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I do not think that I have ever seen a case where the sentencing goal of protection of the public figured more predominantly. Anyone who sat through this trial would realize that this defendant is the worst nightmare of every child’s parent. The entirely credible and overwhelming evidence demonstrated that the defendant is a dangerous predatory sadist…
Hon Sean McLaughlin, sentencing of Jeremy Noyes

golden lasso

A package arrived today. A hoody. Oh, how I love a good hoody. Is there anything better? Cozy and comfy and flattering on people of all shapes and sizes. Maybe it’s because I grew up crushing on boys with long hair in hoodies and Vans, but hoodies hold a special place in my heart. Back to present day: the hoody that arrived was blazoned with Beast on the Bay. Because I have decided to run the Beast on the Bay again this year.

Regular readers may recall that in 2018, I ran the Beast as part of my ten year anniversary of my trauma. It inspired me to get into shape and do something that felt impossible. It also happened to be in Erie, where my trauma occurred and is sponsored by my old med school, who made the trauma significantly worse. I was not able to run the race in 2019 because the previous summer, in the best shape of my life, I had suddenly developed a mysterious autoimmune neurologic disorder a week before I was to run a different obstacle course race, the Spartan. Now, within this surreal time of quarantine, I’ve decided to do it again this September (if it’s not cancelled).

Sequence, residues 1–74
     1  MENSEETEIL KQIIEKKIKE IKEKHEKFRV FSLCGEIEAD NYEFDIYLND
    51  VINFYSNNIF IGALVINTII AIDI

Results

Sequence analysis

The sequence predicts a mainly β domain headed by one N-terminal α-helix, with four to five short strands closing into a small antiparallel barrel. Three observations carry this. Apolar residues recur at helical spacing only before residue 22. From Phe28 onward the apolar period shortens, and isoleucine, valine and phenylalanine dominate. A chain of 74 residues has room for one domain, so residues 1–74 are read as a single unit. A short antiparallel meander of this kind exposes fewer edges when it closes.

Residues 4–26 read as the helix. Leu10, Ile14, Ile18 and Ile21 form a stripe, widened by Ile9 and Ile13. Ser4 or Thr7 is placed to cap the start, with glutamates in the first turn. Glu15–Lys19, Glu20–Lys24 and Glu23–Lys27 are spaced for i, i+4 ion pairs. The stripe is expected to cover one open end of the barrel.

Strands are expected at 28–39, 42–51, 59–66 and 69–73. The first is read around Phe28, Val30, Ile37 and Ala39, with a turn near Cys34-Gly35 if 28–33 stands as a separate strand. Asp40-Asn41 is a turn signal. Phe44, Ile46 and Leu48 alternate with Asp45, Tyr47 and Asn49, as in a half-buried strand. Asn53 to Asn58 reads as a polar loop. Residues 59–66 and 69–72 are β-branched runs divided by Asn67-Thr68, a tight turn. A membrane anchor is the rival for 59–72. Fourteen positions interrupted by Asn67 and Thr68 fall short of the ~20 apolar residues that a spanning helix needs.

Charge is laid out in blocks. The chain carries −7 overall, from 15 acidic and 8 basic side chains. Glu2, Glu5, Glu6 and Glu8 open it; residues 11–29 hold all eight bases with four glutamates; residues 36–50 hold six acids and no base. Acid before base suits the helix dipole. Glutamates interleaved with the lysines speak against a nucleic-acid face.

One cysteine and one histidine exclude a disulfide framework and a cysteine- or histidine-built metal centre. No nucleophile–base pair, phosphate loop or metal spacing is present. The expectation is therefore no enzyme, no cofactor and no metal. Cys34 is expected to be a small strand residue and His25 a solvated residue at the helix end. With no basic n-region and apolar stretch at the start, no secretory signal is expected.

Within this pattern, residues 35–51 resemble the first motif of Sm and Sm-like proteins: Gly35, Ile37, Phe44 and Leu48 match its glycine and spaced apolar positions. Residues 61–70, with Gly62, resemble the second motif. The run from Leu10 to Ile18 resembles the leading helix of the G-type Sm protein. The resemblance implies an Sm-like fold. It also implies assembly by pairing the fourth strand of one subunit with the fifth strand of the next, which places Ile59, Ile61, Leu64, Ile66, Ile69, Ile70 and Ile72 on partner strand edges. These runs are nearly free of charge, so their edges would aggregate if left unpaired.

I had come to some new revelations on Easter Sunday. Not regarding God or Armageddon or resurrection. Regarding my immune system.


In order for me to explain, let’s rewind to June 2019.

I’d been in training for 14 months and was in peak form. My body fat percentage was its lowest ever. I could run a 9 minute mile. I was pumping out burpees like a champ. I felt amazing. On Sunday, my husband I went to a local Crossfit gym to do a class and practice rope climbing. I’d never climbed a rope in my life. I never even tried in gym class as a kid because I was convinced I couldn’t do it and would just embarrass myself. I knew I needed to climb one for the race coming up the following Saturday so we went and the owners gave me some tips and I did it! I was so damn proud of myself.

The next morning I woke up and felt sick: I was exhausted, my muscles ached and felt weak. It wasn’t the way I felt after a really brutal workout. It was the way I felt when I had the flu. I decided I better give into it and rest as much as possible but I’d been planning on working out leading up until a couple days before the race. I needed to get better quick, though , so I cancelled the workouts. By the time Friday came, I was still exhausted and I knew I needed to cancel the race. I was heartbroken. I’d worked so hard and it meant a lot to me. It was odd I was still feeling just as bad six days in, so on Saturday instead of going to the race, I went to Quest to get some bloodwork drawn.